Jesus chose these two images on purpose. To be salt and light means to be shaped by the ancient, life-giving law of God. Jesus said it plainly: "Think not that I have come to abolish the law and the prophets; I have come not to abolish them but to fulfill them." We can't tear Jesus' images from their roots in Hebrew scriptures.
Isaiah fills in the metaphors
There is another reading today, this one from the prophet Isaiah. These verses were written some time after the people of Israel returned from exile in Babylon. The last chapters of Isaiah are filled with visions of hope and urgent warnings. Here Isaiah speaks to people who are proud of their religious festivals and their piety. They fast in public and ask why God doesn't pay attention. They complain directly to God: "Why do we fast, but you do not see? Why humble ourselves but you do not notice?" C'mon God! Give us some credit!
Then it is God's turn: "What is the fast that I choose?" asks God.
Is it not to share your bread with the hungry,
and bring the homeless poor into your house;
When you see the naked, to cover them,
and not to hide yourself from your own kin?
Then your light shall break forth like the dawn,
and your healing shall spring up quickly...
Have we lost our saltiness? Have we failed to be light?
We often hear that the United States is shaped by "Judeo-Christian values." Most people watching today's game would probably agree. But what does that mean? It cannot mean everyone believes in Jesus because Jewish people don't. If we say Jews and Christians share some of the same scriptures that is closer to the truth. Both traditions turn to Isaiah 58 for guidance. I suppose we could hold up a sign at the game that says "Isaiah 58" -- but people probably won't know what it means. Isaiah gives a vivid picture of authentic religion: let the oppressed go free, share your bread with the hungry, bring the homeless poor into your house, cover the naked and don't hide from your own kin. That's something to print on a soda cup for next year's Super Bowl. More than a slogan, that's the way God calls us to live. That's what Jesus meant when he called us to be salt and light. Don't lose your saltiness! Don't put your light under a bushel basket!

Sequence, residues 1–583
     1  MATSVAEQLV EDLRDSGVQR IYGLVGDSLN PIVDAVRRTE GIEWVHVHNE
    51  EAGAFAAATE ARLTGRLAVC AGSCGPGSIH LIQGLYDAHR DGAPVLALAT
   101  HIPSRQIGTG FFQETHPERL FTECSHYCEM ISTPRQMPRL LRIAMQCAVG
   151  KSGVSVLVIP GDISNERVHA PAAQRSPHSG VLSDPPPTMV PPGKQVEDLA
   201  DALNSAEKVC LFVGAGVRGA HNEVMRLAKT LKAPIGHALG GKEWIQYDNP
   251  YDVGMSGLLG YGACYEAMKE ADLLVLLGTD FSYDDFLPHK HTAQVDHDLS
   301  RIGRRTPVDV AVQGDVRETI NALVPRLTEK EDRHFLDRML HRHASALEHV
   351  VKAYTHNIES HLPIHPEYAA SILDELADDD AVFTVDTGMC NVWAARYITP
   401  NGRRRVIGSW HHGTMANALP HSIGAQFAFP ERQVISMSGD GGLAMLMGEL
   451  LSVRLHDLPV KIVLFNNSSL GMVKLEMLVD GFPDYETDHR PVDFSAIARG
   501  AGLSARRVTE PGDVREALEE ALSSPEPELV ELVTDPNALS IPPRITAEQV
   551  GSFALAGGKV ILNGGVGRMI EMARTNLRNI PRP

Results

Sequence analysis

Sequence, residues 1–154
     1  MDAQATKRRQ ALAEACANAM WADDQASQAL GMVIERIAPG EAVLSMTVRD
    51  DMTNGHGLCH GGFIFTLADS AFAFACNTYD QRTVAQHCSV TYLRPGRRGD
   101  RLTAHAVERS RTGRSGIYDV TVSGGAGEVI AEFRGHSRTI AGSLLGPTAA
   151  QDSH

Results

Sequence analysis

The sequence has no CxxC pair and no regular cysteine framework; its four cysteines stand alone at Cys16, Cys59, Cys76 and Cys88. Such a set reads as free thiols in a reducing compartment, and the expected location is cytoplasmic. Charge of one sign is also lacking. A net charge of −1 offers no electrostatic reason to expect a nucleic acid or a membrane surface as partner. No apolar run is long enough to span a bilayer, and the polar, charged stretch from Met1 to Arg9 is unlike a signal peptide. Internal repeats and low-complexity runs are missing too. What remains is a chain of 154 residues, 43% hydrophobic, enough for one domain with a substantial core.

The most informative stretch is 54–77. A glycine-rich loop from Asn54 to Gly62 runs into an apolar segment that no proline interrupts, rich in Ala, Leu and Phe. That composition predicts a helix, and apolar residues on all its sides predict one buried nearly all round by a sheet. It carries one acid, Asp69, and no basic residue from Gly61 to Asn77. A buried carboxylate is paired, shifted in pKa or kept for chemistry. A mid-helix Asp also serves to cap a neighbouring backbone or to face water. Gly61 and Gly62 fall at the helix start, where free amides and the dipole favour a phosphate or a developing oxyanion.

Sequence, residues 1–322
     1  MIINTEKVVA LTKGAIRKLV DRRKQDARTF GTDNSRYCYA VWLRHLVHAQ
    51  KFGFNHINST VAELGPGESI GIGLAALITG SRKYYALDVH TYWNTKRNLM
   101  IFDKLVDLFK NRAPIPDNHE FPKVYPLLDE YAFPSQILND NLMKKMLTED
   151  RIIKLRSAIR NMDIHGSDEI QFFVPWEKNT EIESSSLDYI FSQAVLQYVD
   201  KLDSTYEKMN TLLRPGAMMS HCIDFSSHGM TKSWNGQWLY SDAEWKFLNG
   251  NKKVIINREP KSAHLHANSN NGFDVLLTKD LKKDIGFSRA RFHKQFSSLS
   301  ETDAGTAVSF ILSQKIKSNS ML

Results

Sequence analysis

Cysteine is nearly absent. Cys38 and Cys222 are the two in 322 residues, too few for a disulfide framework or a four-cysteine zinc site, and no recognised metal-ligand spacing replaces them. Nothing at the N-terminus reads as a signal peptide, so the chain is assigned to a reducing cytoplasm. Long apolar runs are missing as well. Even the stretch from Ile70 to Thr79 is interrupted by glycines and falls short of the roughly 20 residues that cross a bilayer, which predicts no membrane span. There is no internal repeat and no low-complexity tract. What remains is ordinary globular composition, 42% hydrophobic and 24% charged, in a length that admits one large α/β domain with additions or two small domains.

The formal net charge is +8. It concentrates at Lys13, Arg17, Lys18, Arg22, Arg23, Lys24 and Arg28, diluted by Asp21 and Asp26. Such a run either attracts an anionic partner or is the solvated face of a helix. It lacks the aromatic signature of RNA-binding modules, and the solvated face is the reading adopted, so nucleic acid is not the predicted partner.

Bible Study Questions:
1. In what ways does the Super Bowl seem like a religious event? How is it different?
2. When you read what God wants in Isaiah 58: 6 - 9, how do you respond? Is God asking us to do the impossible?
3. What makes us lose our "saltiness" as followers of Jesus? How can our saltiness be restored?
For Further Reading:
Mark Edmundson, "Football and Religion: The Odd Relationship Between God and the Gridiron"
Mark Oppenheimer, "In the Fields of the Lord"
Joseph Price, "The Super Bowl as Religious Festival"
Marcia Mount Shoop, Touchdowns for Jesus and Other Signs of the Apocalypse: Lifting the Veil on Big-Time Sports. See also her blog at marciamountshoop.com which includes a video interview of the author talking about her book.